Blog Post #1 – Sport as a Tool for Reinforcing Class Divisions and Social Hierarchies

Bourdieu’s sociological assessment of sport as a cultural phenomenon is built upon the idea that sports are a socially-mandated consumer product. His essay is primarily an analysis of how “sport” is valued and sold to varying classes of people. What was most interesting to me was Bourdieu’s articulating that sports are a means of reinforcing social divisions (in a modern context, we might say that sports carry varying amounts of privilege, or are evidence of such privilege, and actually serve to entrench those lines of privilege). He addresses this phenomenon primarily in the language of class “habitus”, or “how people are” based on their class. I found it unclear whether this was something Bourdieu thought was a product of sports (the industry of sports have imposed/strengthened social divisions by fostering certain class ‘tendencies’) or whether he thought the patterns we see in sports and the class divisions they enforce are a result of class habitus (people are a certain ‘way’ depending on their social class, therefore they value/enjoy/appreciate certain sports over others).

Which of the two positions do you subscribe to? In light of Bourdieu’s essay, and your own perception of which came first – the habitus or the sport – is the industry of sports a product of the socio-economic divisions we have created, or are they a tool to maintain socio-economic divisions? What follows from that might be a discussion about whether we can ascribe values of “good” or “bad” to the sports industry, and perhaps an evaluation of the role we give sports in shaping our social and cultural experiences.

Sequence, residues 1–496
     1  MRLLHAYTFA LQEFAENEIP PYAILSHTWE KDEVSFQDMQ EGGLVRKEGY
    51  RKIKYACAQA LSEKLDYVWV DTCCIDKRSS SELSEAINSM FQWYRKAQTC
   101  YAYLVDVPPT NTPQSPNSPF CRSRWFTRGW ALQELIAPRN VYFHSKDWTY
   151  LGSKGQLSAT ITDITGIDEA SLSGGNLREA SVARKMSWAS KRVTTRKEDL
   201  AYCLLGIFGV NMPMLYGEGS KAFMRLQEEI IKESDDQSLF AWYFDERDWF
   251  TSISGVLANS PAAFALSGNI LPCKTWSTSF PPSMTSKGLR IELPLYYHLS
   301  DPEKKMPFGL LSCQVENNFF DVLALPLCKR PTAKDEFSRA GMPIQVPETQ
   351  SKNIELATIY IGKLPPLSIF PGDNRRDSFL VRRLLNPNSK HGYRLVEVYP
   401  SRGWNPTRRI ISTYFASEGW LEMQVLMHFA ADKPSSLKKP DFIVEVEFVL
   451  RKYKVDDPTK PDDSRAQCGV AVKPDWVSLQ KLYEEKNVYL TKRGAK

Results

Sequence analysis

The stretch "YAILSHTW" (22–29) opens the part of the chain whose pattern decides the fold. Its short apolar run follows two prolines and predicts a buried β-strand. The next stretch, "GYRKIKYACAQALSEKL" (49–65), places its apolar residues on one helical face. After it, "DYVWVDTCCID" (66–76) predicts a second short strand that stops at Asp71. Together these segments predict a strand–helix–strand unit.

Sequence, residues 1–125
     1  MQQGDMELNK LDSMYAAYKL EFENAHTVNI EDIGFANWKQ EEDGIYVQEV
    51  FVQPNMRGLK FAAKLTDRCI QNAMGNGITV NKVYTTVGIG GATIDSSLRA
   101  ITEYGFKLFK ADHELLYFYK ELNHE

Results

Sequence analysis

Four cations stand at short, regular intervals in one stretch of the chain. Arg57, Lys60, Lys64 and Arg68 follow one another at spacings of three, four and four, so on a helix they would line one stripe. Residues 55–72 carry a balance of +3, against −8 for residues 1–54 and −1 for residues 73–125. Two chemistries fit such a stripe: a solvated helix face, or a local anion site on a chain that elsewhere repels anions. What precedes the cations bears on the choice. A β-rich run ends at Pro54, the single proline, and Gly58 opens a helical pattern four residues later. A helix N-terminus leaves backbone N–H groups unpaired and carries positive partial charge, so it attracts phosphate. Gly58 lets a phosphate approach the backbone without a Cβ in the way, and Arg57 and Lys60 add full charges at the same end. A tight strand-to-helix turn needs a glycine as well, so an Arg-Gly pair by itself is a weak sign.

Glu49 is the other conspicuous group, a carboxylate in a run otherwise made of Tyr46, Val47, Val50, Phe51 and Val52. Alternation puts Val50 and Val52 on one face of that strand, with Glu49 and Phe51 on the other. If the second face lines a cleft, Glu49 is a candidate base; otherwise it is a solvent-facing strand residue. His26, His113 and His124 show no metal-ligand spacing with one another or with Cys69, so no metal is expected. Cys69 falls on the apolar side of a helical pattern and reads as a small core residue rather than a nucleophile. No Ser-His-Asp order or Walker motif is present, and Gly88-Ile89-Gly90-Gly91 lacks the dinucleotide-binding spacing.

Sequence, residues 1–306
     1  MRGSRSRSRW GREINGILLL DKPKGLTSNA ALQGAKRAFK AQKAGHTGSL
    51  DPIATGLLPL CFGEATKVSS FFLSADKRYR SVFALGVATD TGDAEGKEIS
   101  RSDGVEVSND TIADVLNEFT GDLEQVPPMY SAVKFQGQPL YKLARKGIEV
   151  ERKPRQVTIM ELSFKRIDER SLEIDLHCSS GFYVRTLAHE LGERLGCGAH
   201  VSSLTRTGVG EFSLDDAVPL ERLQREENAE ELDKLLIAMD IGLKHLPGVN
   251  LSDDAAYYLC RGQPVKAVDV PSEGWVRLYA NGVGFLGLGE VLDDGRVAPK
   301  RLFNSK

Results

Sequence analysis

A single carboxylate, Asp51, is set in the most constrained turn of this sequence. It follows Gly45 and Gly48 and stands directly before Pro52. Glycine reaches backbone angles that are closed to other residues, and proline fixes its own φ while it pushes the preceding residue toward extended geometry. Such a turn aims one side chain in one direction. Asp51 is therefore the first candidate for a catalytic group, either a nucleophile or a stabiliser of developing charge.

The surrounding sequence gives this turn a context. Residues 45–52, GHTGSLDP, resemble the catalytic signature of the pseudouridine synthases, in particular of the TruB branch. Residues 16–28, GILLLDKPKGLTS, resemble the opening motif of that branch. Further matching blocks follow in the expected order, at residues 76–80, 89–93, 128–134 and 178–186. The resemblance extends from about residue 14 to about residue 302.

I reject that sports are a reflection of some innate tendency dependent upon social class. Rather, they are a tool of the dominant social and cultural groups to maintain control over other groups. By providing the product of popular, vulgar sports (often in a spectator context) for entertainment and consumption of the masses, creating expectations to rally around a notion of regional, national, or other “team spirit”, and making “a sporting career… one of the few paths of upward mobility open to the children of the dominated classes”, the dominant classes can maintain a hold on economic, social, and cultural capital (Bourdieu, 349). We see this today, in our own society, in the relationship between sports and success for minority groups. Bourdieu articulates the phenomenon exactly: The dominant classes feed a product to the dominated classes (from the sale and consumption of which the dominant class obviously benefits) and in so doing keep them from moving upward for a combination of reasons. It’s not an original formula – the Romans had this winning combination, “bread and circuses”, thousands of years ago. All we’ve done in a modern context is legitimize it and integrate it more completely into our social and cultural fabric. In so doing, we entrench means by which those with socio-economic and cultural privilege can continue to monopolize that privilege.

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One Response to Blog Post #1 – Sport as a Tool for Reinforcing Class Divisions and Social Hierarchies

  1. cstabile says:

    Elsewhere, Bourdieu describes a habitus as a “structuring structure,” by which I take him to mean that the places from which we come structure our practices in deep and important ways. I’m not sure that the issue for Bourdieu is which came first (and it’s worth thinking about why that’s not an important question for him in this essay), but rather how the class and sport constitute one another in specific historical and social contexts. He’s interested in how these interact and relate to one another. I think he’d disagree with the comparison with bread and circuses, arguing that the means of domination in contemporary societies are far more complicated than they were in feudal or agrarian cultures. Which isn’t to say that the relations of force that you describe at the end of your post aren’t still relations of force grounded in very real disparities in power. But the functioning of power (which is really what he’s interested in) is quite different.

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